Bribie & Mooball Creek – fishing the shallows – May 2017

May saw me out on the flats in front of the Sandstone Point hotel at Bribie Island wading in the shallows. Winter took a long time to arrive and the water styed stubbornly warm all through the month.

The flounder arrived to supplement the flathead and the odd bream. I fished with my light spinning rod and reel, 10lb fluorocarbon leader and generally GULP Jerkshad soft plastics in various colours on 1/8th 1/0 jigheads. I filled a bag with five keeper size flathead in the run up to the new moon on the run out tide.

I also continued my search for fish around Pottsville and found a few tiny flathead and Bream in Mooball Creek. These grabbed the smaller soft plastic minnows.

Bribie – the old oyster jetty flats – 8 March 2014


After an extraordinary session on Friday, I had to get back up to Bribie again to fish the low tide. Fortunately, I could squeeze in a session on Saturday morning. The wind was forecast to be pretty lively again, with a couple of tropical cyclones hovering off the coast, up north. Low tide would be at 8.40 am. The moon was a week away from full.

I arrived just after first light at about 5.30 am. I ran into Matt, another keen fisho who had had the same idea. We walked out towards the old oyster jetty and swapped a few fishing stories. He headed south along the sandbank towards the channel marker and I settled on a spot just to the south of the jetty.

It took a while to find the fish. The sun came over the horizon and the wind started to pick up. The tide was running out quickly. I started by fishing with a GULP Jerkshad in the Satay Chicken on a 1/8th 2/0 jighead. I was using my G.Loomis TJR fast action, light spin rod and a 15lb Super PE braid and 10lb fluorocarbon leader. At about 6.20 am I dropped a small flathead, but on the next cast, I felt the bite and paused. When I lifted, the fish was attached.

Now I had found the fish and I caught a fish on almost every cast for the next 30 minutes.  A hot bite is a great time to experiment. A gent named Charles Talman from Mount Gambier in South Australia makes his own soft plastics and recently was kind enough to send me some to try out. There were plenty of prawns jumping so I decided to start by rigging up one of his 4” Shrimp soft plastics. These plastics do not quite have the finesse of the major brands, but as you will see from the pictures, they are cleverly designed and have good actions and texture – both essential characteristics. I rigged the first one on a 1/8th ounce, 2/0 jighead and cast it out. I knew the fish were here but I wasn’t sure they would go for it. There was no need to worry – half way into the retrieve a fish hit it. I dropped the rod tip and paused. About five seconds later, I struck and I pulled up a flathead, about 45cm long. A few casts later, I caught another. Over the next hour, they kept coming. I cycled through a couple more of Charles’ lures and then put in a GULP 4” Shrimp in the Natural colour. There was no difference in the catch rate between the two types of shrimp soft plastic.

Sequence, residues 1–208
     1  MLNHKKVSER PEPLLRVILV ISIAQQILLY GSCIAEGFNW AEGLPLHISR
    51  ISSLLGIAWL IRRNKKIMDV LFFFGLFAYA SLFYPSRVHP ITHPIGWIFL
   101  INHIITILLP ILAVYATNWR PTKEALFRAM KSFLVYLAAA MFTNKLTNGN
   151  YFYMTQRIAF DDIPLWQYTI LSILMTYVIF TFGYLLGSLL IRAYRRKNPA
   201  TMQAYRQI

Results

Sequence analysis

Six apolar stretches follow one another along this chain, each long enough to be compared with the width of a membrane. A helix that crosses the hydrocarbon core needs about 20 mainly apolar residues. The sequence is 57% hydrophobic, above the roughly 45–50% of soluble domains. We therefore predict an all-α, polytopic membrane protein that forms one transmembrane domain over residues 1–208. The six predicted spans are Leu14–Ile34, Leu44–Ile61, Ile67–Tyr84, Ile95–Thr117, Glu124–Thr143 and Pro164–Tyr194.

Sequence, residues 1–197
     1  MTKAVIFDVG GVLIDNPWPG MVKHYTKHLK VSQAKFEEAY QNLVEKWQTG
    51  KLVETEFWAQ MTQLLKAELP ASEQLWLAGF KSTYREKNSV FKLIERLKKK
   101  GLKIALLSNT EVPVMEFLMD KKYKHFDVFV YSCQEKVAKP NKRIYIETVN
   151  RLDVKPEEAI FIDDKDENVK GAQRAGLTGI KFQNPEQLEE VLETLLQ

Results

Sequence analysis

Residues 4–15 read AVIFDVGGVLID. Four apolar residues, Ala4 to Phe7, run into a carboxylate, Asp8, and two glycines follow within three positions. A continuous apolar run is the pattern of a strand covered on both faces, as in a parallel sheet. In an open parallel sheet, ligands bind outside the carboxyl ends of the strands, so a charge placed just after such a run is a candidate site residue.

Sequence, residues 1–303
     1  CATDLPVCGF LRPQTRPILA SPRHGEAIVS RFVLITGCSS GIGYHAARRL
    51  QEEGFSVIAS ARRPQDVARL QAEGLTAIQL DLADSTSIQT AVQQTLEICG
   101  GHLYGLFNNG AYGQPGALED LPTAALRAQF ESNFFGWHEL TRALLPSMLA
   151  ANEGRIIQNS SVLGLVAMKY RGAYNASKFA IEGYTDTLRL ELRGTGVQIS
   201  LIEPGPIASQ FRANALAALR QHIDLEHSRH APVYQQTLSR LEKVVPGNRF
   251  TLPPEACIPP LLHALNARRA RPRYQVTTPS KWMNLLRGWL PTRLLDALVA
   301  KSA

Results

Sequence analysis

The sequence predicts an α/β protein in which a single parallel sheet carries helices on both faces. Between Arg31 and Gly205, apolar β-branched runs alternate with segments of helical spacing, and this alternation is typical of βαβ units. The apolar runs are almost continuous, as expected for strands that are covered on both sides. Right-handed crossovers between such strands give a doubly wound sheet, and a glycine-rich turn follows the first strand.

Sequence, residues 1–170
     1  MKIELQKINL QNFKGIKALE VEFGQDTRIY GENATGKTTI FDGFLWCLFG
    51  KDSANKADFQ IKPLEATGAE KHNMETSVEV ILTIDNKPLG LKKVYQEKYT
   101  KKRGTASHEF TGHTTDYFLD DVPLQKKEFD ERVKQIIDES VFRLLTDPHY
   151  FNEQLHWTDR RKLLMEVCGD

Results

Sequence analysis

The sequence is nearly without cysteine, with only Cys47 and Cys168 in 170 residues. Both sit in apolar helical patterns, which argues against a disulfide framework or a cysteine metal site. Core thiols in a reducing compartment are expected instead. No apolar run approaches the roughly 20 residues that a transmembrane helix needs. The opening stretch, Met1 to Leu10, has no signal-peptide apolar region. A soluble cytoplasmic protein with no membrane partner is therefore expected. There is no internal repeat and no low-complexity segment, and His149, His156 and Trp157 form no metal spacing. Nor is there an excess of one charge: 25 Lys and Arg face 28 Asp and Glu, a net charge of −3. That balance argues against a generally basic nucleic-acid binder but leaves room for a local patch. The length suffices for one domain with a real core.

I now decided to try the DUO Tetraworks Koikakko tiny hard bodied squid imitations. These are made with the usual DUO care and attention to detail. They can be used in deep water as a jig or hopped across the bottom like a traditional sinking hard body. They are only 34mm long and weigh 4.6g. They are ideal to cast across the flats in crystal clear water, on light leaders and will tempt almost any species.  I knew there had been a lot of small squid around this area so I thought they would be perfect. My only concern was that perhaps they would be too small for the flathead to notice. I checked my knots and decided to slow everything down and increase the pauses on the bottom.

Success was not immediate, but after about 15 minutes I saw a flathead come up behind the lure and then turn away at the last minute. I cast back in the same spot and left the lure on the bottom for about 20 seconds. On the second hop, I felt the violent thud of a flathead mouth crunch down on my lure. The fish took the lure and slowly swam away with it. It took a while for it to register that this was not an ordinary squid and when I lifted the rod tip to ensure the tiny treble was lodged, it took off.

It was obviously bigger than the small flathead that had swiped at the lure on the previous retrieve and it made couple of blistering runs out towards open water. You cannot muscle a fish with the fast and flexible G.Loomis TJR rod. It absorbs the lunges beautifully but you have to be patient and let the reel’s drag do the rest. I have traded up the single tiny treble hook on the DUO Tetraworks Koikakko for a slightly tougher Gamakatsu version. I waded back to the shoreline with the fish. It was tired now, but as we reached the shallows, it continued to try and turn and then shake its head. I pulled it across the weed in the shallows and on to the sandbank. It was the biggest fish of the day – a 68cm flathead. I released this one and carried on fishing.